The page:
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93 compared to expression values from the thalamus (6) of the untrea ted group to determine if there was a difference in gene expression due to exposure to WNV. Gene expression values from the thalamus (6) from the nonvaccinated/exposed horses was compared to gene expression values from the thalamus (6) of the vaccinated/e xposed horses to determine if there was a difference in gene expression between nave horses which succumb to WNV and those that are immune, do not develop significant disease and survive from WNV infection. Since the thalamus undergoes a higher viral loa d as determined by our previous studies [47 ,48 ] gene expression values from the thalamus (6) of nonvaccinated/exposed horses was compared to gene expression values from the cerebrum (6) of the same group to determine if there was a difference in gene expre ssion during exposure to WNV in these two different regions of the brain. Array Normalization Loess normalization was performed on all arrays and confirmed by distribution analysis. F igure 4 1 illustrates the normalization of each individual array. For analysis of the distribution and variability of the data itself, correlation and principal components analysis for all groups demonstrated that the majority of variance was accounted for with the first three principal components (x, y, and z) with Eigenva lues ( percents of variability ) of the each component, 11.09 (30.81%), 4.94 (13.71%, and 3.21 (8.94%), respectively. In addition, the mean of the R 2 was 0.939392 (range 0.8781 0.9871) for all arrays. A heat map and dendrogram was generated between all arrays (see Figure 4 2). Statistical Analysis Analysis of mean relative difference in gene expression using an ANOVA with interactions between treatment and location revealed significant differences in gene expression (p < 0.05) for all analyses (exposure, nonsurvival, and location). To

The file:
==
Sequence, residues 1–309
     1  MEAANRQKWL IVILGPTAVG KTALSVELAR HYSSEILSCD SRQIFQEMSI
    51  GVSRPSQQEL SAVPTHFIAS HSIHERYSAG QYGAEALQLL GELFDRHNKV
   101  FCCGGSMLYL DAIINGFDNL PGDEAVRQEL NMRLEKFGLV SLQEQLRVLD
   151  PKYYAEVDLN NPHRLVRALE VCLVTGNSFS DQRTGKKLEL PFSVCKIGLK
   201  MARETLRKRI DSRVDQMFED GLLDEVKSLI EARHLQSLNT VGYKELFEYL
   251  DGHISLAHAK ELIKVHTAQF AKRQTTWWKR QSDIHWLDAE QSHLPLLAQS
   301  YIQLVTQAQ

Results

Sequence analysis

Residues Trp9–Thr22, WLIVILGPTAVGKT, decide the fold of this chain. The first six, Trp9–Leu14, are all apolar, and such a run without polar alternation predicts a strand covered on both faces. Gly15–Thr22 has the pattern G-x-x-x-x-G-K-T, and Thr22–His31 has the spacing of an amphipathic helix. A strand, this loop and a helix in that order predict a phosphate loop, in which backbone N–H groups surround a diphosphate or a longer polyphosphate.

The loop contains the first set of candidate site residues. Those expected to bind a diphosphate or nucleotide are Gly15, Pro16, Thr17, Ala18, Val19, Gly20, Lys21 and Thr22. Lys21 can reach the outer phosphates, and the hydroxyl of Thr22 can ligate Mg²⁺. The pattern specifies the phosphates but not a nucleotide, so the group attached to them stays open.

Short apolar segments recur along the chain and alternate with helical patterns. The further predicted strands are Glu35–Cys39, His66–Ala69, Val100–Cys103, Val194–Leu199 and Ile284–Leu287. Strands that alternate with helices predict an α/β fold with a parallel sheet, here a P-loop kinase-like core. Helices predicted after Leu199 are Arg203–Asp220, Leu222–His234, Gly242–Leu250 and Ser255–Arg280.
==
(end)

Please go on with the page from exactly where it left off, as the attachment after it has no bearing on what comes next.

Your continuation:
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94 determine which tissues should be compared in the exposure and nonsurvival groups (i.e. thalamus only or pooled thalamus and cerebrum), differences in gene expression were analyzed between the thalamus and cerebrum of the n ormal, nonexposed horses. The degree of fold change (relative fluorescent intensity) was analyzed for all differentially regulated genes. In total, 7,321 genes were significantly different between the two locations (6,911 after duplicate removal). There fore, for the exposure and nonsurvival groups, only thalamus was compared. This data is summarized in Table 4 4. The same 3,421 were significantly altered in all three analyses and overall, 4,000 (44%), 3,472 (46%), and 3,811 (49%) genes were expressed a t levels > 1.0 and < +1.0 for the exposure, nonsurvival, and location groups. Exposure Status. For exposure status, significant differences in gene expression in the thalamus were seen between nonvaccinated/exposed and normal, nonexposed horses for 9,0 20 genes (12,029 without duplicate probe removal). When analyzed solely by fold change, 2,936 genes decreased by < 1.0 (395 < 2.0) and 2,084 increased by > +1.0 (749 > +2.0) in the exposed nonvaccinated horses compared to the nonexposed normal horses. Immune/Survival Status. For immune/survival status, significant differences in gene expression in the thalamus were seen between nonvaccinated/exposed horses (nonsurvivors) and vaccinated/exposed horses (survivors) in 7,395 genes (9,978 without duplicate probe removal). In the nonvaccinated, nonsurvivors, 2,123 genes were decreased by < 1.0 (225 < 2.0) while 1,800 were increased by > +1.0 (666 > +2.0) compared to the vaccinated, survivors.